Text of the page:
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Media Watch 2003

28 May 2003
Source: Cyprus Mail
Author: Alexia Saoulli
Comment: The following article appeared in the Cyprus Mail of Nicosia on 28 May 2003
Poll shows mixed feelings about crossings


MORE THAN 50 per cent of Greek Cypriots recently polled in a questionnaire said Turkish Cypriots and Greek Cypriots could live together happily. However only 10 per cent out of those asked said they had visited the occupied areas more than twice, since the checkpoints were opened last month.

The telephone interview poll was carried out by Larnaca’s Intercollege on behalf of Antenna and took pace between May 13 and 21. It included a random sample of 1174 people from around the island and covered men and women aged between 18 and 55.

Forty per cent of the sample said they had visited the occupied north and six per cent said they might visit it in future. Of this 40 per cent, 87 per cent had been once or twice, 10 per cent had been three or four times, two per cent had been five or six times and only one per cent had been across more than seven times.

Over two-thirds polled said they felt like strangers in their own country and 22 per cent admitted feelings unsure in the north. Despite these feelings, 93 per cent of those who had crossed said Turkish Cypriots were friendly.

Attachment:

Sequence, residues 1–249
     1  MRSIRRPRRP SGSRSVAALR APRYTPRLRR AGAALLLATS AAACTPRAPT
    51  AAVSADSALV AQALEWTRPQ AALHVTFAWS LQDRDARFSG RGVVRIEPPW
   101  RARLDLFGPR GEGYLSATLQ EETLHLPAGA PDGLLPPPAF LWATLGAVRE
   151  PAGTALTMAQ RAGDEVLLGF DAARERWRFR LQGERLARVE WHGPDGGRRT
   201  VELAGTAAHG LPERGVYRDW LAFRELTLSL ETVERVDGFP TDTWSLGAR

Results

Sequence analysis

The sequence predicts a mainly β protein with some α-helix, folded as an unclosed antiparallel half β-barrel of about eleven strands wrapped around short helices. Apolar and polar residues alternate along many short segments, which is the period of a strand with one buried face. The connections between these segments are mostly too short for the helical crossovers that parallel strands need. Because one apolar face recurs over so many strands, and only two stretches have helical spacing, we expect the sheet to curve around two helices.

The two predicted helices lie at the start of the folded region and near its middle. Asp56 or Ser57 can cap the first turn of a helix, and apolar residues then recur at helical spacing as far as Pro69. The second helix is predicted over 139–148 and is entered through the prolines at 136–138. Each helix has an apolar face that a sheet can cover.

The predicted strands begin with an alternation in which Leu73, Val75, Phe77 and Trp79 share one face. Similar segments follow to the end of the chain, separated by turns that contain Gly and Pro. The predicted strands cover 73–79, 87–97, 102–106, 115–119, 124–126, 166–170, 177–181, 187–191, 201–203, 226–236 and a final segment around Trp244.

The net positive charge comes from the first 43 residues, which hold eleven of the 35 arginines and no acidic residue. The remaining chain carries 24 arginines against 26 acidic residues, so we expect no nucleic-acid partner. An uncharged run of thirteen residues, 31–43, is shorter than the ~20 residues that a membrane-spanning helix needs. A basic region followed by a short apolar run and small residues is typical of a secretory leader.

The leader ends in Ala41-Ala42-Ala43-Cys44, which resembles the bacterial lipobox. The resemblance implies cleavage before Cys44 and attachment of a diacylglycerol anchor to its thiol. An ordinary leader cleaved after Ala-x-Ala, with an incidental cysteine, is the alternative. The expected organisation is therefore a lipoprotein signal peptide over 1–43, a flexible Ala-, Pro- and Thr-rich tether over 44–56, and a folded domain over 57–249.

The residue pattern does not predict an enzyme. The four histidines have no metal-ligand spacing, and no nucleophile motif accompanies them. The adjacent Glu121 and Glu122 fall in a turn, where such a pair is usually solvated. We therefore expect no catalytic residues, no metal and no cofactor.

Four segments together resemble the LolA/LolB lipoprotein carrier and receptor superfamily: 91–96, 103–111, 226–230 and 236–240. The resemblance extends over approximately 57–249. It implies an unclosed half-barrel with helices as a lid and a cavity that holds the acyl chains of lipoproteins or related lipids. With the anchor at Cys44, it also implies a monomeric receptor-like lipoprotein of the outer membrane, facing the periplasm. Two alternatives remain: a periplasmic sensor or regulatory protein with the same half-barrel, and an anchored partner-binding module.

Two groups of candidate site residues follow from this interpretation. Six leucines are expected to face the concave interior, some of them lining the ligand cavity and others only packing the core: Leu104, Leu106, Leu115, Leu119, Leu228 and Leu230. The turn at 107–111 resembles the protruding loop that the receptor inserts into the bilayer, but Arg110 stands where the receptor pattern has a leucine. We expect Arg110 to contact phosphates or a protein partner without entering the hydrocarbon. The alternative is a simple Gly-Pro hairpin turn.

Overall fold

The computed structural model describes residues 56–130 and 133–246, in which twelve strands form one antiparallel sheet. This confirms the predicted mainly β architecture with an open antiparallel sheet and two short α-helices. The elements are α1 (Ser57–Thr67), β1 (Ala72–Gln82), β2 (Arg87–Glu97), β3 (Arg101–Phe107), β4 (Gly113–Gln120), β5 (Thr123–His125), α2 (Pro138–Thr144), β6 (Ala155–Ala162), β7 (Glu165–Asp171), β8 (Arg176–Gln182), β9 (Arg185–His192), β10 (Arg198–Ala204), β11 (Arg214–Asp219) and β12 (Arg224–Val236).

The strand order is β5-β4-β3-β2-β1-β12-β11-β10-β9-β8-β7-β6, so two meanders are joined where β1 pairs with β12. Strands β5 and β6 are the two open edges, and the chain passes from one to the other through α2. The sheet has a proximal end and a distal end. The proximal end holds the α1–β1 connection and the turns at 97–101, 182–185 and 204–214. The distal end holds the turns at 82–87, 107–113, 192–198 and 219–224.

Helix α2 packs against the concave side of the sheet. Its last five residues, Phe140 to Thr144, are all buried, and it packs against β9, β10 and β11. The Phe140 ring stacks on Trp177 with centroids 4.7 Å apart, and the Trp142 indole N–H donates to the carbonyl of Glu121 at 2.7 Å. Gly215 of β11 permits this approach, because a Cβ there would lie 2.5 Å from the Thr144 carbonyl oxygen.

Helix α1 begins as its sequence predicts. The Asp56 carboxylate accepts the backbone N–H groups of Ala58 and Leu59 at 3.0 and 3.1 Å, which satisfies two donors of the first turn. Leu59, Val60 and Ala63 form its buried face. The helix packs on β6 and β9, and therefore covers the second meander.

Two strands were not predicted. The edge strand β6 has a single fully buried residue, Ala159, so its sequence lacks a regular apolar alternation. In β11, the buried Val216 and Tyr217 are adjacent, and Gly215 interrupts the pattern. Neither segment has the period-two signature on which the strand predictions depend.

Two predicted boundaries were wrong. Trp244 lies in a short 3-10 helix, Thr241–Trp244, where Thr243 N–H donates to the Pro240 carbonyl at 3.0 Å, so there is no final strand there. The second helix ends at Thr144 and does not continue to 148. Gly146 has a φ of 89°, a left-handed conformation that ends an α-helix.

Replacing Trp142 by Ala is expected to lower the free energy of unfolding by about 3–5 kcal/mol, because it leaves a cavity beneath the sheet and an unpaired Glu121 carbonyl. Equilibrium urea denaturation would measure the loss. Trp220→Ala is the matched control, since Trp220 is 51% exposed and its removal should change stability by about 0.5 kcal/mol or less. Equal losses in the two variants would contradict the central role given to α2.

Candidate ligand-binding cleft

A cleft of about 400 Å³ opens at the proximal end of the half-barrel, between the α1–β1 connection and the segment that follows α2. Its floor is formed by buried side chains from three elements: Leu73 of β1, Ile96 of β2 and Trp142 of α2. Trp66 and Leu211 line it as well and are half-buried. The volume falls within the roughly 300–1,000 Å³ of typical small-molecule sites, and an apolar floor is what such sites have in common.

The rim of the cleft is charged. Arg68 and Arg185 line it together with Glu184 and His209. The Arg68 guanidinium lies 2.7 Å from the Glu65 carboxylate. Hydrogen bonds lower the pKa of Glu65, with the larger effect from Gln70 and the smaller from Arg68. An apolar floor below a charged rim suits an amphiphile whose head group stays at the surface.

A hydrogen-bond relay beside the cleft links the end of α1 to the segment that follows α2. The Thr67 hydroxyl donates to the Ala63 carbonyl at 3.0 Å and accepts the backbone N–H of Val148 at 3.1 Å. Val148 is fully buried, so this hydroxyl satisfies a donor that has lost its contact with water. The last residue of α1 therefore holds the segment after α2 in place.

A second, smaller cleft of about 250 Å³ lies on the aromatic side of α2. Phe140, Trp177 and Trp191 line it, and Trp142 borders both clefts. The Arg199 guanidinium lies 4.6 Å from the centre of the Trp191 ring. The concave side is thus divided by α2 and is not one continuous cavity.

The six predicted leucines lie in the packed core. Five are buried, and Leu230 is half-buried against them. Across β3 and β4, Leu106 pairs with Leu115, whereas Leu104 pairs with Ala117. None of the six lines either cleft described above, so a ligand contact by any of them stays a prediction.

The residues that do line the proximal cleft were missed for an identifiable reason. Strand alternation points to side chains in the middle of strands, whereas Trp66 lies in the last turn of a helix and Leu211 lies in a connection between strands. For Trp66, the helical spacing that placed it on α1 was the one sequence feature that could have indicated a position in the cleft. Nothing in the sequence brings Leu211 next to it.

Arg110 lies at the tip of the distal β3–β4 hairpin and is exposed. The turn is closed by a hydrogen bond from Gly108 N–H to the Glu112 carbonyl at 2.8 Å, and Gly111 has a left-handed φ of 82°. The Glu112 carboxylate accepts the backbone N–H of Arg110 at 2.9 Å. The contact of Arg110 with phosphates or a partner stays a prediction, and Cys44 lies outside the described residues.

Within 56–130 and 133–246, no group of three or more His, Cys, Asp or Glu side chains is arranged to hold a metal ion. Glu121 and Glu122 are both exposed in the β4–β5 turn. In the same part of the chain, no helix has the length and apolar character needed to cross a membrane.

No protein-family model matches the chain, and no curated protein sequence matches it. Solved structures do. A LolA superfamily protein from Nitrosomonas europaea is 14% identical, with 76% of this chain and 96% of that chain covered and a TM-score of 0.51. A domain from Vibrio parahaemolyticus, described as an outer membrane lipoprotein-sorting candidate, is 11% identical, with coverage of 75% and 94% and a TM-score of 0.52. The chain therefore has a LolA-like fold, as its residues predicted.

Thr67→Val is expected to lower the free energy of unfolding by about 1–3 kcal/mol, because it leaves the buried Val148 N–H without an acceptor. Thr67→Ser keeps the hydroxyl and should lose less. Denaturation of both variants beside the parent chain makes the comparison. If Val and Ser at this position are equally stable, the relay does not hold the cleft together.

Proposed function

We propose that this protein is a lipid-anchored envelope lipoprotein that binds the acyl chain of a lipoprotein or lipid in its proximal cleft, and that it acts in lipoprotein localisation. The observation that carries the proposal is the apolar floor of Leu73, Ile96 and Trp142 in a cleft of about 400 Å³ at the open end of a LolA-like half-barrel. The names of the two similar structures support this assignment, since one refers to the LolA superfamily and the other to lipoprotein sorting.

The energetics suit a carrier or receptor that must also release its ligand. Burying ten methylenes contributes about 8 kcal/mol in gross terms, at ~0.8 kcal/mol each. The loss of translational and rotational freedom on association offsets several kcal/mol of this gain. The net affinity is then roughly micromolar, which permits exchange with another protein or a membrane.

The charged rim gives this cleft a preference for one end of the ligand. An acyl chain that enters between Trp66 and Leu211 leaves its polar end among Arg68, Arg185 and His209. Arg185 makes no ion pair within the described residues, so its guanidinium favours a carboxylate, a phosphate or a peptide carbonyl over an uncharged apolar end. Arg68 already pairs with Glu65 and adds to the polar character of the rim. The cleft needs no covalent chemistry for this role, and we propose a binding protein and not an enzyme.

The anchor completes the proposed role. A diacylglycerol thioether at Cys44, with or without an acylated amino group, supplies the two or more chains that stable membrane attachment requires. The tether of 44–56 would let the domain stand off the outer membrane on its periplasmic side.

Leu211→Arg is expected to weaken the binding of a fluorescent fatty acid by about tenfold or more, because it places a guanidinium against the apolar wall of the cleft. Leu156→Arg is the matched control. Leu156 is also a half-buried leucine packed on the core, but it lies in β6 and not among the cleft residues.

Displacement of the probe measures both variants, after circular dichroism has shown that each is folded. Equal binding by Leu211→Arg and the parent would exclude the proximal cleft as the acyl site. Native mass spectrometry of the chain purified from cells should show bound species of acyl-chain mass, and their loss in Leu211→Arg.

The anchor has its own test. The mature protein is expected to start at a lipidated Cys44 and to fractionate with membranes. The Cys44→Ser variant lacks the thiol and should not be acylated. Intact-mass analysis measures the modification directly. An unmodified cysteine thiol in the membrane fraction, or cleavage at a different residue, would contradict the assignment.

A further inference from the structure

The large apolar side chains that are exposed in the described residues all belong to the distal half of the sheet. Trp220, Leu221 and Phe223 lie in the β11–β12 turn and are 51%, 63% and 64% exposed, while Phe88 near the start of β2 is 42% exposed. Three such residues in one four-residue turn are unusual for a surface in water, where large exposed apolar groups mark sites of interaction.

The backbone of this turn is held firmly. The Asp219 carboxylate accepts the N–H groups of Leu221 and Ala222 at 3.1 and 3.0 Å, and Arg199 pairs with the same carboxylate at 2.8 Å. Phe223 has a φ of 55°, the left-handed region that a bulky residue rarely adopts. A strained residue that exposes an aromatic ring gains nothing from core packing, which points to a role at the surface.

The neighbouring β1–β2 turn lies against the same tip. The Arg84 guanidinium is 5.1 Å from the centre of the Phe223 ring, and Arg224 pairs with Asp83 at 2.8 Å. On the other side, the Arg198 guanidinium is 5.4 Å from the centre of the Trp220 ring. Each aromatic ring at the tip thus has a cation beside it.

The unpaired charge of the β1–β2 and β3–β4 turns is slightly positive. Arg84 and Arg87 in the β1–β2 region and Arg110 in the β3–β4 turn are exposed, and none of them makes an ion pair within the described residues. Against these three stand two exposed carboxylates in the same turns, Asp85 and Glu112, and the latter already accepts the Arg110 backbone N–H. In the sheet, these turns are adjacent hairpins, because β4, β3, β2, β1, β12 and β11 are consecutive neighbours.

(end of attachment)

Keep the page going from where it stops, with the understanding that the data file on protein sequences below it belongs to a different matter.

Of the 54 per cent who had not been to the occupied part of the island, over half said the reason was because it “isn’t right”, 32 per cent they hadn’t found the time and 10 per cent said they felt scared.

Meanwhile, 52 per cent of those asked said they wanted to maintain the image of the occupied areas the way it had been before the 1974 Turkish Invasion.

The poll also highlighted Greek Cypriots’ distrust of Turkish Cypriot leader Rauf Denktash’s regime, with 68 per cent saying they believed this development (of free movement) was a “political trap”

Two thirds of those who crossed said they believed showing passports to cross the Green Line was a recognition of the Denktash regime.

And even though 55 per cent said both communities could live together again of the nine per cent who said they were living in a Turkish Cypriot’s home, only 52 per cent said they would return it they were compensated by the government.

Despite waiting to return to their homes for 29 years, only 42 per cent of Greek Cypriots said they would return to live in the place they or their parents were born."